WTL for MFC Programmers(4)

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To explain how this works, let's look at each call to SayHi(). In the first call, the specialization B1<D1> is being used, so the SayHi() code expands to:


void B1<D1>::SayHi()


D1* pT = static_cast<D1*>(this);




Since D1 does not override PrintClassName(), D1's base classes are searched. B1 has a PrintClassName() method, so that is the one called.


Now, take the second call to SayHi(). This time, it's using the specialization B1<D2>, and SayHi() expands to:


void B1<D2>::SayHi()


D2* pT = static_cast<D2*>(this);




This time, D2 does contain a PrintClassName() method, so that is the one that gets called.


The benefits of this technique are:


·                                 It doesn't require using pointers to objects.

·                                 It saves memory because there is no need for vtbls.

·                                 It's impossible to call a virtual function through a null pointer at runtime because of an uninitialized vtbl.

·                                 All function calls are resolved at compile time, so they can be optimized.

·                                 它不需要用对象指针

·                                 它节约了vtbls所需的内存

·                                 在运行时不可能发生因为没有初始化vtbl而通过一个空指针调用虚函数。

·                                 所有的函数调用在编译时被处理并优化。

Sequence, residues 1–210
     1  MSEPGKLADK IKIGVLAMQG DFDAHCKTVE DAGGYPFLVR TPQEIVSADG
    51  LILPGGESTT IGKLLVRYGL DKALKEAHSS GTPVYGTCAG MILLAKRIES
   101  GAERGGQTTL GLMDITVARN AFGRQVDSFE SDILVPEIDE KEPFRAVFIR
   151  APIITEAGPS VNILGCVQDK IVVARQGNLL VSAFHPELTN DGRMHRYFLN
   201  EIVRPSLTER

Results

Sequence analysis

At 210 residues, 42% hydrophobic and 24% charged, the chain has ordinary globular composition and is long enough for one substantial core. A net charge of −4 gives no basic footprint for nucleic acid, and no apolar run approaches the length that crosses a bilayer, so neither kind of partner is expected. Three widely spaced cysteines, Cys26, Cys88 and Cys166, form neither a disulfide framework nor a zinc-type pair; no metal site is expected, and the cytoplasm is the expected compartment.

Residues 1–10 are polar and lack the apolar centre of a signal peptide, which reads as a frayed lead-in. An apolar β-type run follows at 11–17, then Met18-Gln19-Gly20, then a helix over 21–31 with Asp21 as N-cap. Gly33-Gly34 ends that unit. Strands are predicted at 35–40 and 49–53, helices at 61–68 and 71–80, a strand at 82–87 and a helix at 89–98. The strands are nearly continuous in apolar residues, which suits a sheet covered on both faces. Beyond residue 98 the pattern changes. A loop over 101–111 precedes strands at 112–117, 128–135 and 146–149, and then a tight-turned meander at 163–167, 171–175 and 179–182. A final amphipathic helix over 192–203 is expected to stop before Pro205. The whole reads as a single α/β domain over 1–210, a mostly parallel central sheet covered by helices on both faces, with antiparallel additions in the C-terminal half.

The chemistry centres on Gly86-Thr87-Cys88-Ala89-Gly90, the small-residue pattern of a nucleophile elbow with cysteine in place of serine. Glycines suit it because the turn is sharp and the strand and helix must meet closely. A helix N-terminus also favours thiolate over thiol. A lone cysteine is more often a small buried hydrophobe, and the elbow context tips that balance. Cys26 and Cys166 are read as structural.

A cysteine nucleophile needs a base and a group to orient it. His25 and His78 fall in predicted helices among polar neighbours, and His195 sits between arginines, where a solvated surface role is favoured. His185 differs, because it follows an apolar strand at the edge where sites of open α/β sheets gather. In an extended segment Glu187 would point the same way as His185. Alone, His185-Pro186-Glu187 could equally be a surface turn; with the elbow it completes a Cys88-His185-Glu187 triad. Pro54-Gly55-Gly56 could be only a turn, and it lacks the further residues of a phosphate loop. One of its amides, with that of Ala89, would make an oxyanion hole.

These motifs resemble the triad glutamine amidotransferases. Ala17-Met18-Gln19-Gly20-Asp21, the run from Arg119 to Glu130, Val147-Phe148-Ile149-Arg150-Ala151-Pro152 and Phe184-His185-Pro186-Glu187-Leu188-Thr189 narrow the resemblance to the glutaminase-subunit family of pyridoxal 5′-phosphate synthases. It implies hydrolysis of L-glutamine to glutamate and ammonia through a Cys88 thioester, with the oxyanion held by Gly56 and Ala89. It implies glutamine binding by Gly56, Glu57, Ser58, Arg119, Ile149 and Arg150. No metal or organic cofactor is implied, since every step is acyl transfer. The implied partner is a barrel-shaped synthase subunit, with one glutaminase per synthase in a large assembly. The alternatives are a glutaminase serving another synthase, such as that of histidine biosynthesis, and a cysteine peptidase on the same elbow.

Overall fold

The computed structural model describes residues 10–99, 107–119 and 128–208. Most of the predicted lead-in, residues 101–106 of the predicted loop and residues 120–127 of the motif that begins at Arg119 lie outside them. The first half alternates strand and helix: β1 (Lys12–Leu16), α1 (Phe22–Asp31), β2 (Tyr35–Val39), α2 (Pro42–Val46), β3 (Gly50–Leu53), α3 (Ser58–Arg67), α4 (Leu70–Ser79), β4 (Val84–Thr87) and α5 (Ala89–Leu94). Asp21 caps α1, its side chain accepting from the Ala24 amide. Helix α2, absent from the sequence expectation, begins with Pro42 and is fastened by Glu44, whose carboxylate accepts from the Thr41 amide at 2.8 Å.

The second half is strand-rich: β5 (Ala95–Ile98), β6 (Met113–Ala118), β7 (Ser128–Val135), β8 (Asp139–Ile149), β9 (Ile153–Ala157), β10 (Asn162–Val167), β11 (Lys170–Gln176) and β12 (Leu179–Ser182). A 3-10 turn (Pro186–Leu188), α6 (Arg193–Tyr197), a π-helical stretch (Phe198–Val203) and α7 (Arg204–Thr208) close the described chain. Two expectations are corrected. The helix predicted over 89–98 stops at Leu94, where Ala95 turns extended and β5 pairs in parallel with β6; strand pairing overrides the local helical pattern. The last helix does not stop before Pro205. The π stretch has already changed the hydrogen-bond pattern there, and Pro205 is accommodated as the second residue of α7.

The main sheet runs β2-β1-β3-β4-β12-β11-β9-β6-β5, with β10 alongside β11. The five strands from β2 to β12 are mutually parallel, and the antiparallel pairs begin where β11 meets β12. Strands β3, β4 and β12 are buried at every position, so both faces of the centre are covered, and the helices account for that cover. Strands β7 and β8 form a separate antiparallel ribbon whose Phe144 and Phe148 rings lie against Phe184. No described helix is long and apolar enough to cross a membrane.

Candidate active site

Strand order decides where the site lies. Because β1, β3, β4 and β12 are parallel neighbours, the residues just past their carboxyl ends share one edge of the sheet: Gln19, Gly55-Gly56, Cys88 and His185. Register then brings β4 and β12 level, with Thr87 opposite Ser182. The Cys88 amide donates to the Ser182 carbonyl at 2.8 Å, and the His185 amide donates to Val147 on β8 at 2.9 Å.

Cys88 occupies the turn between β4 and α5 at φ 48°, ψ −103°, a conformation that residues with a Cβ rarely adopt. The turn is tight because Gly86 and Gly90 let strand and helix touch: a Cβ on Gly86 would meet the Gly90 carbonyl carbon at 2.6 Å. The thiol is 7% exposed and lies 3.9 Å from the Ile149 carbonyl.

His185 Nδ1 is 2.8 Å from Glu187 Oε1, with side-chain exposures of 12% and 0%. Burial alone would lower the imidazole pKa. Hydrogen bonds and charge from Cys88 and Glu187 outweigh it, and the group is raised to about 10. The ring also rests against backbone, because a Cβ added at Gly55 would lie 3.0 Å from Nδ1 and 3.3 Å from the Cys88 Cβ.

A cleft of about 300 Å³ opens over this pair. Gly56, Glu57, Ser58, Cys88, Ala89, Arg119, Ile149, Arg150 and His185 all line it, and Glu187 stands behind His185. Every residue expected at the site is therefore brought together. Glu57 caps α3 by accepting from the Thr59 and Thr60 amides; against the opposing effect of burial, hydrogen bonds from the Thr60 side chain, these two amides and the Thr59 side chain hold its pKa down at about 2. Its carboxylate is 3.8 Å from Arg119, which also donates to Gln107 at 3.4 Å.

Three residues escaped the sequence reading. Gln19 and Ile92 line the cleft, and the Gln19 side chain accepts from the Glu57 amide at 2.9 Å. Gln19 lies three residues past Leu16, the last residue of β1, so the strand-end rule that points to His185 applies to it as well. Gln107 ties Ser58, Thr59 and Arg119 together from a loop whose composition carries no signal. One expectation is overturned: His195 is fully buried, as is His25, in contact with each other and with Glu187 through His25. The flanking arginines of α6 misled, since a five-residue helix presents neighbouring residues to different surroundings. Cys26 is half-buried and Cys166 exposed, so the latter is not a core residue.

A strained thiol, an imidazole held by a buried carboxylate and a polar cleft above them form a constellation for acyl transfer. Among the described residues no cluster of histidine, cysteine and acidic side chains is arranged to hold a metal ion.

While the saving of a vtbl doesn't seem significant in this example (it would only be 4 bytes), think of the case where there are 15 base classes, some of those containing 20 methods, and thes savings adds up.


ATL Windowing Classes

OK, enough background! Time to dive into ATL. ATL is designed with a strict interface/implementation division, and that's evident in the windowing classes. This is similar to COM, where interface definitions are completely separate from an implementation (or possibly several implementations).


ATL has one class that defines the "interface" for a window, that is, what can be done with a window. This class is called CWindow. It is nothing more than a wrapper around an HWND, and it provides almost all of the User APIs that take an HWND as the first parameter, such as SetWindowText() and DestroyWindow(). CWindow has a public member m_hWnd that you can access if you need the raw HWND. CWindow also has a operator HWND method, so you can pass a CWindow object to a function that takes an HWND. There is no equivalent to CWnd::GetSafeHwnd().


(如果你看过MFC的代码的话,CWnd::GetSafeHwnd()是在ASSERT(m_hWnd)后,返回了m_hWnd,使用CWindow::m_hWnd时,需要注意句柄是否为空,当然正常情况下为空的情况并不多见。 --- 蜗牛手记)

CWindow is very different from MFC's CWnd. CWindow objects are inexpensive to create, since there is only one data member, and there is no equivalent to the object maps that MFC keeps internally to map HWNDs to CWnd objects. Also unlike CWnd, when a CWindow object goes out of scope, the associated window is not destroyed. This means you don't have to remember to detach any temp CWindow objects you might create.


The ATL class that has the implementation of a window is CWindowImpl. CWindowImpl contains the code for such things as window class registration, window subclassing, message maps, and a basic WindowProc(). Again, this is unlike MFC where everything is in one class, CWnd.


There are also two separate classes that contain the implementation of a dialog box, CDialogImpl and CAxDialogImpl. CDialogImpl is used for plain dialogs, while CAxDialogImpl is used for dialogs that host ActiveX controls.